Alexander Gillespie: The first small step towards peace in Syria

34 comments
Druze residents of the Buqata village in the Israeli annexed Golan Heights wave Syrian flags and a placard depicting a portrait of Syrian President Bashar al-Assad. Photo / AFP
Druze residents of the Buqata village in the Israeli annexed Golan Heights wave Syrian flags and a placard depicting a portrait of Syrian President Bashar al-Assad. Photo / AFP

The International Syria Support Group, a conglomeration of 17 countries and three international organisations, has called for a cessation of hostilities. The two foundations of this cessation should come into play by Friday.

The first foundation is that Bashar al-Assad's soldiers on the ground and the Russian warplanes above them should stop shooting at the groups which are not listed as recognised terrorists by the United Nations, and these same groups should reply with a reciprocal silence as the bullets stop flying.

The groups fighting in Syria that are recognised terrorists, such as the tens of thousands of combatants fighting for Islamic State or al-Nusra, will not heara calm as the war grinds on againstthem.

The second step will be found in the days leading up to Friday as the battle lines around 52 areas are opened and international aid reaches more than 400,000 people who are besieged and in urgent need of food, water and medicine.

Many of the countries that make up the International Syria Support Group have ensured that for the past five years none of the sides in this conflict have run out of men, money or ammunition. This escalated in the middle of last year when the United States realised it was impossible to built a middle-ground force of independent "moderates", and took to arming favourites directly.

Their contribution of tank-killing missiles for the rebels against Assad, and up to 100 strikes a week against Isis in north Syria, was trumped by Russia towards the end of 2015. Vladimir Putin's gift of direct air power for Assad, now providing up to 500 sorties a week against all enemies in Syria, appears to have turned the tide.

Although Assad may now be reversing many of his recent losses, it appears now that the 17 countries trying to solve this problem realise that the war has to stop as it has got out of control. The death toll is moving towards half a million, over a third civilians. Nearly half of the population of the country is displaced, with millions spilling over the borders, and a new generation of religious-inspired terrorist groups has been spawned in the chaos, seeking to kill the innocent, far and wide.

The first step in trying to solve this problem is the cessation of hostilities between the groups not classified as terrorists. A cessation of hostilities is not a ceasefire or a truce in which intermediaries get between the two sides to monitor violations. A cessation is the most basic good-faith requirement as a first step towards discussions about what peace may look like.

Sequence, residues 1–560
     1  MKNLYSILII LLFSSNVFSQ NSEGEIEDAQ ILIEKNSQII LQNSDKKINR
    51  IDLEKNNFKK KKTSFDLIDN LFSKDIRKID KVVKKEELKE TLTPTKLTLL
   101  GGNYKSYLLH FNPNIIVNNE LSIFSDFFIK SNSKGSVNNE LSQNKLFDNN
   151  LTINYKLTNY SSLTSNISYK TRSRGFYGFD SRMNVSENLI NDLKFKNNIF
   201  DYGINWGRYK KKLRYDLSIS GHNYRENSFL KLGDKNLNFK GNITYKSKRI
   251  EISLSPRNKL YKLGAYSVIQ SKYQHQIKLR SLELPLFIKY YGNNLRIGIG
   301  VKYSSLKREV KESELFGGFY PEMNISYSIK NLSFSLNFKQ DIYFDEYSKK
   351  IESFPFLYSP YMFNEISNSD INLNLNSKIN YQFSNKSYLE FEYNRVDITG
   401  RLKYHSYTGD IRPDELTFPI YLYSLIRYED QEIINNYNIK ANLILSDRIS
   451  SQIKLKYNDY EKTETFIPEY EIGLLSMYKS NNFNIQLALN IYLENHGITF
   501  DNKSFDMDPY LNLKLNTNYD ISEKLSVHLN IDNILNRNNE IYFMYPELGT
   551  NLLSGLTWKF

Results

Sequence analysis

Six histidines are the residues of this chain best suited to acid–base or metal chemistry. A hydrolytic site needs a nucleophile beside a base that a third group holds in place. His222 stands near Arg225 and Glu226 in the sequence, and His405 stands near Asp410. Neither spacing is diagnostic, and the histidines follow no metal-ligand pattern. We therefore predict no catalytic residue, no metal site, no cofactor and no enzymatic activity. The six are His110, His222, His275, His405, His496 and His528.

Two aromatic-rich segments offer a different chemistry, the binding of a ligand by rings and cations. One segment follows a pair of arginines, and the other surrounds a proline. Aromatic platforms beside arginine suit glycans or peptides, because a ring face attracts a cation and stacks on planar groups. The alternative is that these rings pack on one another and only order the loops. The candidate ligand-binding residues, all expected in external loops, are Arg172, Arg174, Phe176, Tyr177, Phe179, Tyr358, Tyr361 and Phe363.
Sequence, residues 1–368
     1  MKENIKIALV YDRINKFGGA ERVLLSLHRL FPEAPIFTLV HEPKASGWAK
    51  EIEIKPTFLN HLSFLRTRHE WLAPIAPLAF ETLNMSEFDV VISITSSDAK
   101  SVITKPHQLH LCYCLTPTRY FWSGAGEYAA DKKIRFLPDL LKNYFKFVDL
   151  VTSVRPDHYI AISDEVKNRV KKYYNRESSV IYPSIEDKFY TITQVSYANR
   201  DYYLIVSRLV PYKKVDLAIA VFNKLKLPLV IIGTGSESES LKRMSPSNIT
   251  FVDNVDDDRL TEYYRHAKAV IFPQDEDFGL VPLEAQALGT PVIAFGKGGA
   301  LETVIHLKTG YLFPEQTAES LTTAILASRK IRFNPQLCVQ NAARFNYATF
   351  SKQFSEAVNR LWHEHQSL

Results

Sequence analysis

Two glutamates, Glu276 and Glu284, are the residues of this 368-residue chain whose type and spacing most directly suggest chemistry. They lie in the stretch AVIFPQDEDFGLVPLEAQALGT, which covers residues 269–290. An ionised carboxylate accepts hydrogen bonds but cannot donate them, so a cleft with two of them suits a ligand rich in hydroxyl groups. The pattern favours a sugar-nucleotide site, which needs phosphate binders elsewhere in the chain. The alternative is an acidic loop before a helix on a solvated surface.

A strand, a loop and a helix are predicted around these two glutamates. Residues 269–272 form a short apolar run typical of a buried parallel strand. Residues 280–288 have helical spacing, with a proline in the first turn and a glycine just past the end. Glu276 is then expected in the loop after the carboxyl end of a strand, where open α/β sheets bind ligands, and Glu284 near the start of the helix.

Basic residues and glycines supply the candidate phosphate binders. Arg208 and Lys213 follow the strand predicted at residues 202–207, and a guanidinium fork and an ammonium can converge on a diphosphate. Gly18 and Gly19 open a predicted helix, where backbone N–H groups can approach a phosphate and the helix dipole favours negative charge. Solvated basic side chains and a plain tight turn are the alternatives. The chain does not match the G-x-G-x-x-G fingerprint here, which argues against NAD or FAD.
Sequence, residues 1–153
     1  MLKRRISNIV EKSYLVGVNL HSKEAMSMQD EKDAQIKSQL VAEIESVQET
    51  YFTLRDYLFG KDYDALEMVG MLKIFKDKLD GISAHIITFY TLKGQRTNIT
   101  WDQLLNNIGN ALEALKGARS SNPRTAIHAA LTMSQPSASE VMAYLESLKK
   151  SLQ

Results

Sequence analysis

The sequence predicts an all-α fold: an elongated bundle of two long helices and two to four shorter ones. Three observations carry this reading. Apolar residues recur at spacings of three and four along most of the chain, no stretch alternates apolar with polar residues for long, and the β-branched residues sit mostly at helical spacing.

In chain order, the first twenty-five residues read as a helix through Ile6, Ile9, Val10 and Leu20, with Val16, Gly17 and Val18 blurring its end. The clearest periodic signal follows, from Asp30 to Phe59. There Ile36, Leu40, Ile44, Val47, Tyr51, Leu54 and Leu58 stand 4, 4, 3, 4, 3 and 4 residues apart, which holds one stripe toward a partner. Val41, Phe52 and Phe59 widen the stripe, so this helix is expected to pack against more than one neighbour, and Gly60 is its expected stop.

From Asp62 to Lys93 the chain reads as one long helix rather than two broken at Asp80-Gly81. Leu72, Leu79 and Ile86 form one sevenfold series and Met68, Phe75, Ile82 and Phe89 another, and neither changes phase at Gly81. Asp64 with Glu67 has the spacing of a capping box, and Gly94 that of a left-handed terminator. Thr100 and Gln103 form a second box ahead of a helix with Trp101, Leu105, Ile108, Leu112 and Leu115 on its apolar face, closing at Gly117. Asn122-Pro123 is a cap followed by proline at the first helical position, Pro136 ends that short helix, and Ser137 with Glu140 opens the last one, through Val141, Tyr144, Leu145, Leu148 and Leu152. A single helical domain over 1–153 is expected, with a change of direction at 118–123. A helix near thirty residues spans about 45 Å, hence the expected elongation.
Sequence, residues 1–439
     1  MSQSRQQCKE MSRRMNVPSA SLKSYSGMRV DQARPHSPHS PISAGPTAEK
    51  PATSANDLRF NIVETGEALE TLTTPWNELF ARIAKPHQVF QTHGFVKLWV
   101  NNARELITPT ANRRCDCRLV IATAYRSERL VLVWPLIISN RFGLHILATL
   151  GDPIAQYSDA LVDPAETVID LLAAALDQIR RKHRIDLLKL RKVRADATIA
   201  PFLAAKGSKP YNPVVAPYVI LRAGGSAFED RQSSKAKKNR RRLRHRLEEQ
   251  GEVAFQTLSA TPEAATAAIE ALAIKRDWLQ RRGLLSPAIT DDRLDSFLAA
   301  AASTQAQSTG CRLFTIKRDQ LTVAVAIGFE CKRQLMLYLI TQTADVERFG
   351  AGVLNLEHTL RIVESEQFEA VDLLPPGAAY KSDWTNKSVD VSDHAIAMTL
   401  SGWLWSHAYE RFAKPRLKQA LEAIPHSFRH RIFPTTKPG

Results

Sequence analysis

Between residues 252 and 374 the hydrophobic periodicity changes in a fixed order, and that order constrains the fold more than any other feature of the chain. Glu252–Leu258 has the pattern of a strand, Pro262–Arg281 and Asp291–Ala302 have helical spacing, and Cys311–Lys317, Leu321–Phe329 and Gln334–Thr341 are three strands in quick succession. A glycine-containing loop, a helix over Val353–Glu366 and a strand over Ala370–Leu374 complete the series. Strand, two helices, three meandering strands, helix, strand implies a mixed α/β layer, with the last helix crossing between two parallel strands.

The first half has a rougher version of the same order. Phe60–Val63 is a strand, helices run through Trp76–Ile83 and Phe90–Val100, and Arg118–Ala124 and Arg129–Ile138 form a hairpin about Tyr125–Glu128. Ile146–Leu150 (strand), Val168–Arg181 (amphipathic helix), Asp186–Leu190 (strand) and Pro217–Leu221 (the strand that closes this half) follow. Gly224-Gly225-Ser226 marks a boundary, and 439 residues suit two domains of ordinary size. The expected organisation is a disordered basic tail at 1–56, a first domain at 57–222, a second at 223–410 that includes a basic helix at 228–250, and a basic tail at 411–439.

All of the difficult questions for that peace, be they questions about the future of Assad or whether Syria should be divided, are yet to be addressed. Yet, before the killing stops between those who are meant to negotiate, substantive peace talks cannot begin.

Few have high hopes that the cessation of hostilities will start, let alone hold. Even if the superpowers at the top table want the shooting to stop, it is far from certain that those doing the shooting want the same.

If the cessation does not take hold and meaningful peace talks do not follow, the problems are going to escalate in three areas.

First, if Assad gains the upper hand, expect up to three million refugees - three times the number of 2015 - to seek sanctuary in Europe from a vengeful victor.

Second, expect the forces of Isis and al-Nusra to grow in strength as anti-Assad fighters and supporters move their allegiances and the middle ground gets squeezed out of the war.

Third, Turkey and Saudi Arabia, neither of them willing to see Assad return to full power, may decide to engage directly in the conflict, creating a real threat to international security through their defence treaties that could force many other countries directly into the fray.

Even if they do not provide boots on the ground, either country may surreptitiously deliver the air-to-surface missiles the enemies of Assad require to stay in the fight by taking down the Russian planes.

Without peace, the prognosis in all areas is very bad. We can only start to turn this around if, on Friday, the guns fall silent and the sound of bombs exploding is replaced by the sound of trucks delivering aid.

It would be a small step, but the first step in a very long time, going in the correct direction.

Alexander Gillespie is a professor of law at the University of Waikato.

Debate on this article is now closed.

- NZ Herald

Get the news delivered straight to your inbox

Receive the day’s news, sport and entertainment in our daily email newsletter

SIGN UP NOW

Sort by
  • Oldest

© Copyright 2016, NZME. Publishing Limited

Assembled by: (static) on production bpcf03 at 01 Oct 2016 06:25:54 Processing Time: 705ms